Today is the 88th death anniversary (Samadhi) of Sree Narayana Guru, the saint, prophet and social reformer from Kerala. The great Guru attained Samadhi on September 20, 1928. The memorial day is observed on the 5th of Malayalam month kanni every year. Thus the ceremony is organized to remind the world that his self lives in the souls of millions of his followers across the globe, though physically Guru is not at hands reach.
Narayana Guru was born in the year 1854 at Chempazhanthy, in the suburb of the city of Thiruvananthapuram. Narayana Guru’s father was Madan Asan and his mother was Kutti Amma. He was the only son of his parents.
The Guru was born into an Ezhava family, in an era when people from backward communities like the Ezhavas faced much social injustice in the caste-ridden Kerala society. Gurudevan, as he was fondly known to his followers, led Reform movement in Kerala, revolted against casteism and worked on propagating new values of freedom in spirituality and of social equality, thereby transforming the Kerala society and as such he is adored as a prophet.
In the days of Narayana Guru the most vital information everyone wanted to know of another person was his caste. This may look ridiculous to the present generation, but no one thought so in those days. Everybody wanted to know caste and everyone revealed his caste as a matter of course also.
In one of Swami Vivekananda’s letters, he writes of the despicable caste system of Travancore as the most horrid experience he had in his wanderings in India.
It was in this dark chapter of Indian history that Narayana Guru came in the 1850s. His own caste is described as Ezhava. In his abundant sense of humor, he once described the Ezhava as an unrecognized weed in the garden of the caste scruples.
Narayana Guru, at his childhood employed a passive dynamism whereby he brought the powers of the heavens to the earth to correct the ills of the world.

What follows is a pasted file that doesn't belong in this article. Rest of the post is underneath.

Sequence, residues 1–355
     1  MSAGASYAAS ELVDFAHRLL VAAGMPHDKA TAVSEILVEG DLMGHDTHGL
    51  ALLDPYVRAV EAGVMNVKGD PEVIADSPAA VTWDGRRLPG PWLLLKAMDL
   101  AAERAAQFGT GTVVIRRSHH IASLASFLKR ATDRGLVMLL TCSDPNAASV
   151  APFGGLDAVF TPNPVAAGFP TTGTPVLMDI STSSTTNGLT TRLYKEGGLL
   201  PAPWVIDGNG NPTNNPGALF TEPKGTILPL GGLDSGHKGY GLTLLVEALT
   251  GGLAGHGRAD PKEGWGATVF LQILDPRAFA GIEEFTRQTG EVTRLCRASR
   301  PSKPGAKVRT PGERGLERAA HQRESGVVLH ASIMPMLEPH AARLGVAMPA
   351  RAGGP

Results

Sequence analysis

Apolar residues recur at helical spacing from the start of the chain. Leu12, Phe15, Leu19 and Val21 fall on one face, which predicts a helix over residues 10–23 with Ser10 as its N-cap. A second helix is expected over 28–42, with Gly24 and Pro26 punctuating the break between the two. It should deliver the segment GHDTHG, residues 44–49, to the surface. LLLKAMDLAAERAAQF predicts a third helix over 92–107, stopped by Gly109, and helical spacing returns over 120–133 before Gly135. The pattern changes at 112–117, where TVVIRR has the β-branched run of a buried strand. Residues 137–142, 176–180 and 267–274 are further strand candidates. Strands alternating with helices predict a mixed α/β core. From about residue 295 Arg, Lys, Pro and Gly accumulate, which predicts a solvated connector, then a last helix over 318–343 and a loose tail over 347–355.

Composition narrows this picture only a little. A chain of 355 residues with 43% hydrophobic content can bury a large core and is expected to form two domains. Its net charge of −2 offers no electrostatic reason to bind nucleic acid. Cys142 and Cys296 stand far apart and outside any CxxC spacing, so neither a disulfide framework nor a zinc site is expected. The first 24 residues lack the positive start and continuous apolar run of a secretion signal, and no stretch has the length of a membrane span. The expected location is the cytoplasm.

Even though Narayana Guru was blessed with a very critical and analytical mind, he was also evenly balanced with a sense of deep devotion. Mere logical reasoning did not amuse him. He was capable of silencing any argument with a thoughtful query or a witty remark. However, he avoided arguments and spent long hours in meditation and self-study. He underwent a great mystical change in his vision about the world. It was no more “out there” mechanically operating as a brute fact. The inner world opened up many new avenues for him.
Narayana Guru is revered for his Vedic knowledge, poetic proficiency, openness towards the views of others, non-violent philosophy and his resolve to set right social wrongs. Narayana Guru was instrumental in setting the spiritual foundations for social reform in today’s Kerala and was one of the most successful social reformers who tackled caste issues in India. He demonstrated a path to social emancipation without invoking the dualism of the oppressed and the oppressor.
Guru stressed the need for the spiritual and social upliftment of the downtrodden by their own efforts through the establishment of temples and educational institutions. In the process, he brushed aside the superstitions that clouded the fundamental Hindu religious convention of Chaturvarna.
Sree Narayana Guru was a great saint and social reformer who stood for ” One Caste, One Religion and One God for Man ” which embodies the universal brotherhood of man. Guru taught classical teachings like “whatever may be the religion of a man, it is enough if he becomes virtuous”, “Ask not, Say not, think not caste”, “Act that one performs for one’s sake should also benefit other”, “Gain freedom through Education and gain strength through organization”, “Liquor is poison, make it not, sell it not, drink it not” etc.